Two Ways to Deal With Extreme Weather-Related Stress
If you have snow on your driveway and sidewalk, you shovel it. If you have rain on your windshield, you clear it with wipers. If winds are exceptionally strong, you move outdoor items away from your home’s windows.
We do whatever is necessary to stay safe during inclement weather. But how do we protect ourselves on the insides? I’m talking about emotionally and mentally.
It’s obvious how extreme weather affects what we do and where we go. But studies show that violent weather can also produce stress that takes a different kind of toll.
That’s what I want to look at today. And if you’re thinking you are exempt from this, you may learn differently.
Potent Tornado Season Predicted
Several weeks ago, scientists and weather forecasters predicted a worse-than-average tornado season for the U.S. this spring.
Mainly because the current climate pattern in the tropical Pacific is La Niña. It’s favorable for tornado formations. Especially in the South and Southeast.
They said we could experience an unusually potent tornado season for the third consecutive spring.
Victor Gensini is a professor of atmospheric sciences at Northern Illinois University. He said, “La Niña tips the scales to greater (tornado) counts.”
John Allen is a professor at Central Michigan University. He said that with La Niña, “tornado season tends to be earlier and more active.”
Storms Hammer Deep South
Unfortunately, it didn’t take long for Gensini, Allen and others to be proven right. In late March, at least 20 tornadoes were reported in the Deep South over two days.
Dozens of homes were damaged or destroyed. Especially in Alabama and Mississippi. A number of people were injured. Amazingly, no one was killed.
But many people are dealing with a very stressful aftermath.
“You work 24 years and everything you have is gone in the blink of an eye,” said one Alabama resident.
Another who had hunkered down with relatives said this. “It’s gut-wrenching. Everything they had is just destroyed.”
This violent occurrence of tornadoes, and the fact that a rough tornado season is being predicted, brings back memories from 2011. That was also a La Niña year.
The “2011 Super Outbreak” of tornadoes was one of the largest meteorological disasters in U.S. history. And one of the most expensive.
Over a three-day span, there were more than 300 deaths, 2,800 injuries and $10 billion in damage due to tornadoes.
The record-breaking outbreak featured more than 700 reported tornadoes.
‘Strong Emotional Reactions’
Emotional trauma from violent spring weather can include reliving the event in flashbacks or dreams. As well as mood changes including grief or anxiety. And avoidance of people or places where the trauma occurred.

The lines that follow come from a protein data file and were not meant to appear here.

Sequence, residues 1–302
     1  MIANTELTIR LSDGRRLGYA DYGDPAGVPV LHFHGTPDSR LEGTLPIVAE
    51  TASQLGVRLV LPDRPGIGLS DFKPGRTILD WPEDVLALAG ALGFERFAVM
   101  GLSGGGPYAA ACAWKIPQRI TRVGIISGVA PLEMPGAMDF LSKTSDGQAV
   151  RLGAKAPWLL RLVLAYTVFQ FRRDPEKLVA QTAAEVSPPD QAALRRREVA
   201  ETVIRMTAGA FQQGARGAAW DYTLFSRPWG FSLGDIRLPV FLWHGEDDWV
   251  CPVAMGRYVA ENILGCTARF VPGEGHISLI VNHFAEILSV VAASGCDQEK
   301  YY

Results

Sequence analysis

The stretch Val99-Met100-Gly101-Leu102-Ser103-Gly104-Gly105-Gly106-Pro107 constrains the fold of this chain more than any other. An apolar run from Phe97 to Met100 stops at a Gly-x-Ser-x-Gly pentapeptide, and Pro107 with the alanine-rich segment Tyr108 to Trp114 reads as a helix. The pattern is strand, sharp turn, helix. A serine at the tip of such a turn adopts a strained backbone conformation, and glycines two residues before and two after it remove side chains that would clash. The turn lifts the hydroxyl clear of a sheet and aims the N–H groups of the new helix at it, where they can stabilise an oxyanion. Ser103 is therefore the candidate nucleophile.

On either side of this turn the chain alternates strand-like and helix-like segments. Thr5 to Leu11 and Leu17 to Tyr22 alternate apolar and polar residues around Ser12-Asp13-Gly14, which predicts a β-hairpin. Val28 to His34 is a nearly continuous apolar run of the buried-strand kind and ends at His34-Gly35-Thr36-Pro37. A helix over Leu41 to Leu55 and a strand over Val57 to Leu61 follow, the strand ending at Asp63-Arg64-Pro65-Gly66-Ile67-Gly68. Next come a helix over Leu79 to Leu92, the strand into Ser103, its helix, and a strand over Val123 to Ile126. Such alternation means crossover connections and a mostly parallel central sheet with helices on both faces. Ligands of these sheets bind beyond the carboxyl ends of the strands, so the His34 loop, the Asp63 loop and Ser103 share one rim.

Other symptoms are hyper-arousal. Including a racing heartbeat, trouble catching your breath and being easily startled.
Cognitive function can also be affected Such as difficulty concentrating and excessive worry. As well as fatigue, appetite changes and crying unexpectedly.
David Knight is an associate psychology professor at the University of Alabama-Birmingham. “We see that strong emotional reactions occur after the threat of severe weather. Especially in people who have experienced weather-related trauma before.”
Best Ways to Prepare
He added, “Disaster is not permanent. But emotions can linger for days, months or years. Especially if there is a rebuilding phase that people experience.
“Being prepared for severe weather season – both physically and emotionally – can help people cope with overwhelming feelings they are likely to re-experience when the next threat of severe weather occurs.”
One of the great things about being prepared for extreme weather is that it can reduce stress levels. It can give you peace of mind that no matter what happens, you’re ready for it.
4 Tornado Safety Steps
There are four steps you can take during a tornado to keep you and your family feeling safer and more secure:
- If you’re indoors, get to a basement, storm cellar or the lowest level of a building. Stay away from windows, doors, corners of buildings and outside walls.
- If you’re indoors but can’t get to a lower level, find the smallest interior room or hallway. It should be as far from the exterior of the building as possible.
- If you’re driving, try to head to the closest structure where you can take shelter.
- If you’re driving but can’t get to a shelter, don’t try to outrun it. Pull over, get out of the car and lie face down with your hands over your head in a ditch. Or another lower level near the roadway but away from vehicles.
Most people who suffer post-tornado injuries get hurt while cleaning up debris. Including glass and nails. Also keep an eye out for downed power lines, ruptured gas lines and damaged structures.
It’s important to prepare yourself before violent weather heads your way. Know what to do if violent weather approaches and have supplies ready you will need.
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